Toronto’s Hot Tech Scene

sarah prevetteSarah Prevette addresses the SproutUp crowd.
Photo by Brett Gundlock for the National Post.

“On almost any given weeknight,” goes the article in today’s National Post, Sprouting a Hotbed, “there is an event in Toronto somewhere where the technology crowd convenes to talk about the smartphone applications they’re building, to offer advice on each other’s business models and share Twitter marketing strategies with an eye to becoming the next Mark Zuckerberg.”

There’s a lot going on in my city’s tech scene, and it’s making splashes worldwide. The article covers some of the names of the people who make Toronto the tech-place-to-be that it is, including friend and former coworker at Microsoft, David Crow:

"If you were to ask me what’s in the water and what makes Toronto special, it’s that it’s one of the most diverse cities in the world," he said. "Much of what we think of as innovation is just the tension between different viewpoints and Toronto is the city of differing viewpoints … the whole point of building the community piece is to help the diversity and these folks come together and get excited about what’s going on."

Read the full article

This article also appears in Canadian Developer Connection.


Toronto’s Challenges, if it Tries to Become More Seattle- or Silicon Valley-esque

McDonald’s on El Camino Real and totem pole at Pioneer Square
Scenes from the Valley’s El Camino Real (left) and Seattle’s Pioneer Square (right).

Here’s some food for thought. Ahmed Hassan very recently wrote a comment in response to an article of mine, Ideas to Steal from Silicon Valley and Seattle, and it’s worth promoting to its own article, so here it is.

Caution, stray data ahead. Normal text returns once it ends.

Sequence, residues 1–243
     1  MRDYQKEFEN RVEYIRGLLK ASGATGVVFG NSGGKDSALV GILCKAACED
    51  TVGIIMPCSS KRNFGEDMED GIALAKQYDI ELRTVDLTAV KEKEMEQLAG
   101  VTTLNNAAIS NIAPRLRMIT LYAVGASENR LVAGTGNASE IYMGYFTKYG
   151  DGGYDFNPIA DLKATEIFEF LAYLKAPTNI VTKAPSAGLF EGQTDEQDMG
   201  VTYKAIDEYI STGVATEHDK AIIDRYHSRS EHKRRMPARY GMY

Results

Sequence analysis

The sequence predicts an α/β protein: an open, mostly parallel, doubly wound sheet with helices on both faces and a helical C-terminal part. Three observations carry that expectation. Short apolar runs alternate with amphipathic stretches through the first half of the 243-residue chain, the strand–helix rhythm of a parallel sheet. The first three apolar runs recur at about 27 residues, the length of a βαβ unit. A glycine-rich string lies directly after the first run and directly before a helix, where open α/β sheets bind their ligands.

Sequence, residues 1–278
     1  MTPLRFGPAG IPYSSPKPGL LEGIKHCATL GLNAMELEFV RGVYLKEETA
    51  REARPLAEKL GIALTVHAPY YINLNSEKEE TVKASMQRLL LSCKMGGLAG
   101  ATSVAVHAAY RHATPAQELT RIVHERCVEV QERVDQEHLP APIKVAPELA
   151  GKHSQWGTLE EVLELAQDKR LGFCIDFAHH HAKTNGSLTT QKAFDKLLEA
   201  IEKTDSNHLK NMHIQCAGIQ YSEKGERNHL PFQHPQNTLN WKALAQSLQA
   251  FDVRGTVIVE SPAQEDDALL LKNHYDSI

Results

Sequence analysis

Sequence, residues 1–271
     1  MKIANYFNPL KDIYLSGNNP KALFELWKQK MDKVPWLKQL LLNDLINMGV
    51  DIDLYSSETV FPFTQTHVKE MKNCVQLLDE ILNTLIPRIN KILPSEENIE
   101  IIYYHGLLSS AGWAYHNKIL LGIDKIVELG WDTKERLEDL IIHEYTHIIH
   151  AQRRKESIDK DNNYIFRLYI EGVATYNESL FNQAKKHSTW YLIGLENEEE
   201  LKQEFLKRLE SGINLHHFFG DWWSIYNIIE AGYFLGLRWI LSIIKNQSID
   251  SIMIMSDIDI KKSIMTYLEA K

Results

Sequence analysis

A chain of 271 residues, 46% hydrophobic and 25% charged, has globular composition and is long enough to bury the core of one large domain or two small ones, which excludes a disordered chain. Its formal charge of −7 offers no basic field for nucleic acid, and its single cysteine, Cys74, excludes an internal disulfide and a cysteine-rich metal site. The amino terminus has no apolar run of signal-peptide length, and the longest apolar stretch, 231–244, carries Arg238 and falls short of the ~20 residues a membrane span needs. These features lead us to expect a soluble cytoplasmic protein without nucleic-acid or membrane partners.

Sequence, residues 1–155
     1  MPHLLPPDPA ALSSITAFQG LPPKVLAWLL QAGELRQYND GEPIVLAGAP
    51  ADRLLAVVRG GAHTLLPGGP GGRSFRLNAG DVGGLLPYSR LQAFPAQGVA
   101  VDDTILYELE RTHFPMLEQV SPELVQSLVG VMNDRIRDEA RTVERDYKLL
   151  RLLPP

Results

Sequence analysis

Being from Toronto and having worked in both Toronto, Ottawa, and the US, I think Toronto has severe challenges.

1. We build workers…not leaders.

We have loads of talent…but all we create is good worker bees.

2. Yes, lack of big companies is a big deal.

There are some ‘entrepreneurs’ who will just go at it on their own. yet, the vast majority of people like a decent job. So they meet up at large companies…work for a while…then maybe decide to start their own thing. All we have in Toronto proper is IBM and AMD. Anyone care to explain how RIM was founded in Waterloo. I ask that as a serious question. How does a small town create the only great Canadian tech company in operation right now? Why was it not founded in Toronto? Ask that question a few times…over and over.

3. Politicians do not understand business.

When you have someone like Miller who says he doesn’t care about companies who move to Mississauga for lower tax rates as he only wants companies who are willing to pay more to take advantage of Toronto’s urban character… you know something is wrong. They will try to push venture capital and ‘incubators…’.

As I say…mentality before process.

4. Sometimes you run out of talent.

How many high tech centers do we need? Everywhere you go, there is a lack of talent. If Toronto tech can just pickup and move to Seattle, Silicon valley, New york, boston, dallas, austin… in an already established tech base, why would they bother doing it here? Better weather, lower taxes, more like-minded entrepreneurs.

It’s not impossible. But Toronto has its work cut out for it. The biggest threat to Toronto…is actually Waterloo. Very close to Toronto and with a large tech base. It’s largely a mentality gap. Toronto embraces bureaucracy and structure. Startups are about freedom and independence. If you will…that’s why RIM was founded in Waterloo as opposed to Toronto. No Toronto bureaucracy would have ever approved of RIM. I mean they would be competing against Motorola, Nokia, MS… impossible…that’s a bad investment.

What do you think? Let me know in the comments!